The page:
How the Legal System Failed Aaron Swartz–and Us : The New Yorker

Cogent argument from Tim Wu of Columbia Law School comparing how Aaron Swartz was treated relative to Steve Jobs and Wozniak. Two who arguably did “worse” things but ended up revered examples of hacker culture and innovators.

This case has been on my mind lately. Beyond the visceral reaction to someone killing themselves because their circumstances felt that wrong / insurmountable or that they fell through the cracks of their support network. I don’t have a fully cogent intellectual conviction on the matter, but at a gut level, I think information / knowledge deserves to be free and shared – the rise of the Internet itself or even technology trends like file sharing and MOOCs are testament to that. The basic currency of the web is the link and copying data from one place to another. The basic activity people do on the web is sharing and consuming content and information. Current laws stifle innovation, creativity and exchange, rewarding practices that ultimately short change consumers and the market. And those who question current reality are exactly the ones who do epic things to better it.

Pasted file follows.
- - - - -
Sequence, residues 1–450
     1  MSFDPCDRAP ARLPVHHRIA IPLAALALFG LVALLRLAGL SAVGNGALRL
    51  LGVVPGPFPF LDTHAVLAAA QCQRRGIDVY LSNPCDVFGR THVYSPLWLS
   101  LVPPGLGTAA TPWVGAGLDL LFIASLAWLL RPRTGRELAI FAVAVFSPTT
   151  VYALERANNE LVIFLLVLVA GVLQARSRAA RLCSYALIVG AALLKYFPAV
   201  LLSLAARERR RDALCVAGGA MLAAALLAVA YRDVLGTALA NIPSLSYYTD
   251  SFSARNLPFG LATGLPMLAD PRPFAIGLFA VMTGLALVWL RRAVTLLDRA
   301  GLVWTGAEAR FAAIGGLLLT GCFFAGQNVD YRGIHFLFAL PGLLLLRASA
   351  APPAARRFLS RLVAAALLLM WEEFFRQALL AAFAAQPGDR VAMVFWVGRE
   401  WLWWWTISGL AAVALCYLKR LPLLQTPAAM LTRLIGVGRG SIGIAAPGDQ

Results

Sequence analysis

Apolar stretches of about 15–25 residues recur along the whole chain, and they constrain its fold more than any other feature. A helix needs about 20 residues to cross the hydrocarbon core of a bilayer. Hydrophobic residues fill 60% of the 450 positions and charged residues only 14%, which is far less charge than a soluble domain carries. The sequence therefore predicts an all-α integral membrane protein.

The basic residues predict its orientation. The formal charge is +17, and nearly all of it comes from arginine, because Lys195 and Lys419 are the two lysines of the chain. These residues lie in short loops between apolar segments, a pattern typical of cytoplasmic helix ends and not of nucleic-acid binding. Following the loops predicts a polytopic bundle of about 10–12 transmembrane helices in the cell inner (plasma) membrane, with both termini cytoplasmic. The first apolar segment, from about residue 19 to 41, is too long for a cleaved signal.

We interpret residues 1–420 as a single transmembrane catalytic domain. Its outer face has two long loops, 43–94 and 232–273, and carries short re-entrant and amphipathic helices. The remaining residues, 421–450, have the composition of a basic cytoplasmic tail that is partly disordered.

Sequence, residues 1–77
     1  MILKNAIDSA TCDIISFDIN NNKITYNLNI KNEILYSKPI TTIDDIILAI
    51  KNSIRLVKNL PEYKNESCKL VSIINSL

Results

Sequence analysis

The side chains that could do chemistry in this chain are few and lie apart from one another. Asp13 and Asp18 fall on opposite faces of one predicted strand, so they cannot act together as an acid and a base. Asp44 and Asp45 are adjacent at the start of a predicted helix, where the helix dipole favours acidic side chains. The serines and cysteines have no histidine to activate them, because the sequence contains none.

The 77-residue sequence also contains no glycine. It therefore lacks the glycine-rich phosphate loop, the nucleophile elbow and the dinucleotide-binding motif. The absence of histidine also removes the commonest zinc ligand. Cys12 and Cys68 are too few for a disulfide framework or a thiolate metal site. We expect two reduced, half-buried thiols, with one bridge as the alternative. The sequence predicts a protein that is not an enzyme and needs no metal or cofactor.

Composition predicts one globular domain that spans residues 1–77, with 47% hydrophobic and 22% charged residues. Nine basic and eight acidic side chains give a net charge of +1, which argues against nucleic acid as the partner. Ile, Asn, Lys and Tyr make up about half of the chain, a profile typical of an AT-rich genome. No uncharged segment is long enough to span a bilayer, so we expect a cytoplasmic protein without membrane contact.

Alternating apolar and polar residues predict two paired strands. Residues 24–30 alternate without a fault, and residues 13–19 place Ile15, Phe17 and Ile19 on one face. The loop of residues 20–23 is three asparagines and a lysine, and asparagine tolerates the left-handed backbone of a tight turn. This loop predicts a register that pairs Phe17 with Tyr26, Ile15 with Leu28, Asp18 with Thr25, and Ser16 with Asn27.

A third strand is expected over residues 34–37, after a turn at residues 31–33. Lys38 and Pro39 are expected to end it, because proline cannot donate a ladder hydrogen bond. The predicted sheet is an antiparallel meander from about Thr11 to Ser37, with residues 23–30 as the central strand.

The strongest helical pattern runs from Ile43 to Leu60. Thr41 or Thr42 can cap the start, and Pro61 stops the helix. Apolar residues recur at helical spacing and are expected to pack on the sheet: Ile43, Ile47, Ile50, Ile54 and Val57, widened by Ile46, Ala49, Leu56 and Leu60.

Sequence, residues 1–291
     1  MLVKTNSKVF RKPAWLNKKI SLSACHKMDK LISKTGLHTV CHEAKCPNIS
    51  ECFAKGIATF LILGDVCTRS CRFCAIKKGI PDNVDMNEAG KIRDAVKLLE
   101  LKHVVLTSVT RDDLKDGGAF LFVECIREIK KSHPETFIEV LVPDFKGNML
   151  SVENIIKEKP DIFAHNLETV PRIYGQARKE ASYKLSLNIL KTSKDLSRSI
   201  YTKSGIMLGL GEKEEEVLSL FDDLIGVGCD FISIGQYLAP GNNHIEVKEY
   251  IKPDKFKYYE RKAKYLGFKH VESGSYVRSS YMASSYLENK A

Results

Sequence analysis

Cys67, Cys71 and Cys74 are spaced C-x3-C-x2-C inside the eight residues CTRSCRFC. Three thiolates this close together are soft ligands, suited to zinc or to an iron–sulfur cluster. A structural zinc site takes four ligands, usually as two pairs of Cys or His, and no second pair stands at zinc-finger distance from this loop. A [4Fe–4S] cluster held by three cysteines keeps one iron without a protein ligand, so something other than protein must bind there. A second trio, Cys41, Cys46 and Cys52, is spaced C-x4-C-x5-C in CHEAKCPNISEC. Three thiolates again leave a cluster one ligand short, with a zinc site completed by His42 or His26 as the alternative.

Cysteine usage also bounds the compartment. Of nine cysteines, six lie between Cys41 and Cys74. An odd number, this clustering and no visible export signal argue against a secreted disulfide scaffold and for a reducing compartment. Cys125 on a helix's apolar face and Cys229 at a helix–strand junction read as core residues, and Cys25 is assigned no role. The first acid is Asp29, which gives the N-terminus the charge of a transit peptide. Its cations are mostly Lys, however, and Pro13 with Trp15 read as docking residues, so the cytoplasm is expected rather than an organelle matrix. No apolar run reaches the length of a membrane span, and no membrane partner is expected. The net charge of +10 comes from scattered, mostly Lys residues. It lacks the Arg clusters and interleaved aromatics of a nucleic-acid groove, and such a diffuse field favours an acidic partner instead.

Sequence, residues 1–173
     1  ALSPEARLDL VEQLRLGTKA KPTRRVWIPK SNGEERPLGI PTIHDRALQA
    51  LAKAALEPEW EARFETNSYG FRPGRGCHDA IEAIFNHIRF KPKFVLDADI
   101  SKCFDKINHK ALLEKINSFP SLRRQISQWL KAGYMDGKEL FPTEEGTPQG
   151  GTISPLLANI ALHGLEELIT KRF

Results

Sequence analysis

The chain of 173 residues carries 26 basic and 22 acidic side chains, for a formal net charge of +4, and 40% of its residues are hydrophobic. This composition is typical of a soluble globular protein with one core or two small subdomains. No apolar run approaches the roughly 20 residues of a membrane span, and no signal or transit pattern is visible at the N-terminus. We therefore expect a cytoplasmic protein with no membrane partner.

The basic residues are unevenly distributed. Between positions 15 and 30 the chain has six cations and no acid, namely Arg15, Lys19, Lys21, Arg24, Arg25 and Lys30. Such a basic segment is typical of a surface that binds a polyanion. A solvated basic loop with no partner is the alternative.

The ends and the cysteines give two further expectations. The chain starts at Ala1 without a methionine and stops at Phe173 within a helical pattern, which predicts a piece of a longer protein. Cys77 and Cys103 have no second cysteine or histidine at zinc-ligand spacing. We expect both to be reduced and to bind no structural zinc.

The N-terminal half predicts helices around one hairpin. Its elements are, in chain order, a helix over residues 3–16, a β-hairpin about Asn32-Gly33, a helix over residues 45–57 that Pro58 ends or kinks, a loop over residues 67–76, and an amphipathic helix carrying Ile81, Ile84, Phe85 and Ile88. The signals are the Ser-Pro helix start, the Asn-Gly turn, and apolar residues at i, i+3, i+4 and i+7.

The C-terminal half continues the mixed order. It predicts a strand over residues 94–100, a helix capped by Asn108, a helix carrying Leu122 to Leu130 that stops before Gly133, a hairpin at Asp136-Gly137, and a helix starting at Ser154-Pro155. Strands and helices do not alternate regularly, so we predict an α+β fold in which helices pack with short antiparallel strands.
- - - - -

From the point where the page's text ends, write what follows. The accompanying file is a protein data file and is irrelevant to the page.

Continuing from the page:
In this sense, Swartz must be compared to two other eccentric geniuses, Steve Jobs and Steve Wozniak, who, in the nineteen-seventies, committed crimes similar to, but more economically damaging than, Swartz’s. Those two men hacked A.T. & T.’s telephone system to make free long-distance calls, and actually sold the illegal devices (blue boxes) to make cash. Their mentor, John Draper, did go to jail for a few months (where he wrote one of the world’s first word processors), but Jobs and Wozniak were never prosecuted. Instead, they got bored of phreaking and built a computer. The great ones almost always operate at the edge.

 

via How the Legal System Failed Aaron Swartz–and Us : The New Yorker.

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